Credibility:

  • Original Reporting
  • Sources Cited
Original Reporting This article contains new, firsthand information uncovered by its reporter(s). This includes directly interviewing sources and research / analysis of primary source documents.
Sources Cited As a news piece, this article cites verifiable, third-party sources which have all been thoroughly fact-checked and deemed credible by the Newsroom in accordance with the Civil Constitution.
Jill Holm-Denoma, left, holds her nearly 6-year-old son, Tyler, after he received a COVID-19 vaccination from Emily Cole, a registered nurse at National Jewish Health, during the pediatric vaccine rollout Wednesday, Nov. 3, 2021, in east Denver. Several dozen children were the first in the Mile High City to receive a vaccination against the coronavirus. (AP Photo/David Zalubowski)

An alarming number of Colorado children with the respiratory virus called RSV are filling emergency rooms and intensive care beds as the state experiences an “early and intense” start to the flu season, state health officials and Children’s Hospital Colorado warned Wednesday.

“It’s truly like nothing we’ve ever seen before at Children’s Hospital Colorado,” said Dr. Kevin Carney, a pediatric emergency physician and Children’s associate chief medical officer.

The hospital’s in-patient and ICU beds across the state are operating at or above maximum capacity, and emergency room and urgent care visits for respiratory illness are 30% higher than the busiest days of a normal flu season, which typically runs January through March. 

Children’s is now postponing surgeries and other procedures in order to have the staff and space to treat children with RSV, the flu and COVID-19, he said. 

Statewide, there’s a shortage of available pediatric intensive care beds, according to state health department officials who joined Children’s Hospital for a news conference. The number of available pediatric beds has hovered between zero and 5 the last several weeks, instead of the typical average of 22 open beds.  

Children’s Hospital and the Colorado Department of Public Health and Environment held the news conference to warn parents and urge vaccinations after watching levels, especially for RSV, spike in recent weeks. 

A Colorado Department of Public Health and Environment graphic presented Wednesday

“What’s different this year is how early and severe this reference respiratory season has been for the children in our community,” Carney said. “Our emergency departments are seeing a record volume of patients.”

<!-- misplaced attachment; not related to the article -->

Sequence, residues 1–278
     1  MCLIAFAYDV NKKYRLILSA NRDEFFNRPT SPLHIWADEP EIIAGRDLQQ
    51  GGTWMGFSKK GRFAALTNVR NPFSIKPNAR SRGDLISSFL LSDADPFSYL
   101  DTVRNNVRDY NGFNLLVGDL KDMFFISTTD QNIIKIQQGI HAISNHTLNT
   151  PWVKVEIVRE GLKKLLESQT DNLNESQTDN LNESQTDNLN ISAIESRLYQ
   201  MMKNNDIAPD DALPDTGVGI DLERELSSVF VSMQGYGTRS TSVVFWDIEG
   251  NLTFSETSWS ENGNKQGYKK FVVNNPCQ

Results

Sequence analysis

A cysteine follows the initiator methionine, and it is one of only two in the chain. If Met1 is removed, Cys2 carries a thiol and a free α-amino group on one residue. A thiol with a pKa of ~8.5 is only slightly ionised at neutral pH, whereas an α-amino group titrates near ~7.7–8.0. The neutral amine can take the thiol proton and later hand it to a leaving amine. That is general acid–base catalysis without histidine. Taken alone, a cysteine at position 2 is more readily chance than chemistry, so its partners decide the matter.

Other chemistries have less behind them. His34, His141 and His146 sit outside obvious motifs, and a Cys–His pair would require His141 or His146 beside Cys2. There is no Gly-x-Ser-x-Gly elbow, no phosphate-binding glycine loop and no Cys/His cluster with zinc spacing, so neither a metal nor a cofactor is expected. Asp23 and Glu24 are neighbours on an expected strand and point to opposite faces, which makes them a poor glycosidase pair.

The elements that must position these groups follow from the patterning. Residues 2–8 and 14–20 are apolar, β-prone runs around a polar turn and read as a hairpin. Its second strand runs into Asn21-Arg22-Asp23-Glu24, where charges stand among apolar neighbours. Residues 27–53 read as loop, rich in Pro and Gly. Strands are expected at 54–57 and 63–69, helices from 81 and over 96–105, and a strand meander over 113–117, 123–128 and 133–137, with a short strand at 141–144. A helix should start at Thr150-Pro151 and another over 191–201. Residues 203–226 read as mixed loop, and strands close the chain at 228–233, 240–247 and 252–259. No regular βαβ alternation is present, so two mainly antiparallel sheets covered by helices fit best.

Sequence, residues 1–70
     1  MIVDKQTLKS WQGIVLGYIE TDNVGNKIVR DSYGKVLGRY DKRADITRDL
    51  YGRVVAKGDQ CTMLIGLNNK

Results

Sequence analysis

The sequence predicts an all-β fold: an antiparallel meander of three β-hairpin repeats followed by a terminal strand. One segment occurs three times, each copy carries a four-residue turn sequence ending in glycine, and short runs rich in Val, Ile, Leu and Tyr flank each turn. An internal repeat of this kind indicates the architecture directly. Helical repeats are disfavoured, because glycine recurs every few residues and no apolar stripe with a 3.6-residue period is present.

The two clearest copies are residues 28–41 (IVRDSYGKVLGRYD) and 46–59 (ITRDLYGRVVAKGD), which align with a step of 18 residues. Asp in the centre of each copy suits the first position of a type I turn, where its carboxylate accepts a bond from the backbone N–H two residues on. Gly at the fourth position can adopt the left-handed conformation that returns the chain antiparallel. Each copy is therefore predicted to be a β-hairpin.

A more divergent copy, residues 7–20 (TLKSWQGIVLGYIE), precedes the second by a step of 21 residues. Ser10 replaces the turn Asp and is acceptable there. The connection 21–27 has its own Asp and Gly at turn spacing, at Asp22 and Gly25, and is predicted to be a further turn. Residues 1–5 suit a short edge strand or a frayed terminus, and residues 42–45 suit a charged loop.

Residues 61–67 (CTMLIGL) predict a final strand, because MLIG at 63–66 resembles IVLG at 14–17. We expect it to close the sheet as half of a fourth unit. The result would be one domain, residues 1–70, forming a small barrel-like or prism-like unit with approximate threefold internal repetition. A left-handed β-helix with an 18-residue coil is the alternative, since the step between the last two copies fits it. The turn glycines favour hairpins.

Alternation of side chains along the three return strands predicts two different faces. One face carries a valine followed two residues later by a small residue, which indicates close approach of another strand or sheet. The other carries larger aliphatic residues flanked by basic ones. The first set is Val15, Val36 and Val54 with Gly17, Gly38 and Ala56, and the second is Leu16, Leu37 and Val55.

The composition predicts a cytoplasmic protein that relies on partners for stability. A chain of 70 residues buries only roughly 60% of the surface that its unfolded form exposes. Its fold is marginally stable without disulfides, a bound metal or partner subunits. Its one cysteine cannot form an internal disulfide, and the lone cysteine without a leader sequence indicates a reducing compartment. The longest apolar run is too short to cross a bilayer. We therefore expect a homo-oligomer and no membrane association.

While RSV, which stands for respiratory syncytial virus, causes mild symptoms in most people, it can cause severe illness or even death in young children and older adults. Of the 554 people who have been hospitalized in the Denver area in the last few weeks, 95% were children. Health officials have counted 144 outbreaks statewide at schools and child care centers. 

Infants and children under age 2 are most at risk for dangerous cases of RSV, as are people over age 65 or with lung issues. Colorado is seeing “unprecedented levels” of RSV transmission, said state epidemiologist Dr. Rachel Herlihy. 

She asked people to get vaccinated, both for the flu and COVID-19, and to stay home if they are sick, even with mild symptoms. 

“A mild infection in me or you can translate to a life-threatening infection to a young child or an older adult,” she said. 

Graphic provided by the Colorado Department of Public Health and Environment

The flu, COVID and RSV are all different illnesses, but it’s possibly for people to have more than one at the same time. The symptoms of RSV are runny nose, decrease in appetite, coughing, sneezing, fever and wheezing, which can make it difficult for parents to tell the difference between RSV, the flu and COVID.

The COVID-19 pandemic “disrupted” regular patterns for the respiratory virus season, pushing it back to early fall rather than winter. While the reasons aren’t entirely understood, it’s partly due to the health precautions taken during the pandemic —including isolation and masks — that also suppressed transmission of other respiratory illnesses, Herlihy said. 

Health officials are seeing RSV spread during the summer and increase in the fall, and last year, saw an uptick in flu transmission late into the spring — both unusual timelines, she said. 

“We really don’t fully understand, but it’s very clear that the pandemic has been disruptive to how these viruses are spread and when they’re spread,” Herlihy said. 

Hospitalization numbers for influenza are still lower than typical peak levels, but they are higher at this point in the season than the most severe flu season on record in Colorado, which was in 2017-18, she said. Health officials said they are unsure when the illness might peak. 

Graphic provided by the Colorado Department of Public Health and Environment

The number of doses of influenza vaccine given this year in Colorado are on par with 2021, but lower than 2020 levels, said Scott Bookman, director of public health response for the state health department. 

“So we do have an opportunity here to increase our influenza vaccination rates as we head into this flu season,” he said. 

Children’s Hospital officials encouraged parents to first check with their pediatrician if they are unsure whether their child needs to go to the emergency room. The state health department, meanwhile, is spreading word about the uptick in RSV and flu to schools, preschools and child care facilities.

Jennifer Brown

Jen is a co-founder and reporter at The Sun, where she writes about mental health, child welfare and social justice issues. Her...